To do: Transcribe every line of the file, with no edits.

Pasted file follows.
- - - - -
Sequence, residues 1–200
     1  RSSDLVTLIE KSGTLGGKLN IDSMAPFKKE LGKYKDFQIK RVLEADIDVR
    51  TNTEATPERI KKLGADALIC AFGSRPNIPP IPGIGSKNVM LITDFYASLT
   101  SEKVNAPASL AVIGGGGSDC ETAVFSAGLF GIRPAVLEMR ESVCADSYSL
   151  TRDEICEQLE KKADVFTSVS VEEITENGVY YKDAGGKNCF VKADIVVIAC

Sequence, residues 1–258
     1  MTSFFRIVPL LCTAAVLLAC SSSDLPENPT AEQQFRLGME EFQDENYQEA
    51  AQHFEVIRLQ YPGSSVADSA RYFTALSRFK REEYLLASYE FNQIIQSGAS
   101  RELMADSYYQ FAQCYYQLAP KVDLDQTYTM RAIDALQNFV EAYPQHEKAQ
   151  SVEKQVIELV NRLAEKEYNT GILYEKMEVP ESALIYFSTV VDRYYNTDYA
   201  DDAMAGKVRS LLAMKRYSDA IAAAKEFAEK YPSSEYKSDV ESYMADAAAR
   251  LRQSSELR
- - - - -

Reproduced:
Sequence, residues 1–200
     1  RSSDLVTLIE KSGTLGGKLN IDSMAPFKKE LGKYKDFQIK RVLEADIDVR
    51  TNTEATPERI KKLGADALIC AFGSRPNIPP IPGIGSKNVM LITDFYASLT
   101  SEKVNAPASL AVIGGGGSDC ETAVFSAGLF GIRPAVLEMR ESVCADSYSL
   151  TRDEICEQLE KKADVFTSVS VEEITENGVY YKDAGGKNCF VKADIVVIAC

Sequence, residues 1–258
     1  MTSFFRIVPL LCTAAVLLAC SSSDLPENPT AEQQFRLGME EFQDENYQEA
    51  AQHFEVIRLQ YPGSSVADSA RYFTALSRFK REEYLLASYE FNQIIQSGAS
   101  RELMADSYYQ FAQCYYQLAP KVDLDQTYTM RAIDALQNFV EAYPQHEKAQ
   151  SVEKQVIELV NRLAEKEYNT GILYEKMEVP ESALIYFSTV VDRYYNTDYA
   201  DDAMAGKVRS LLAMKRYSDA IAAAKEFAEK YPSSEYKSDV ESYMADAAAR
   251  LRQSSELR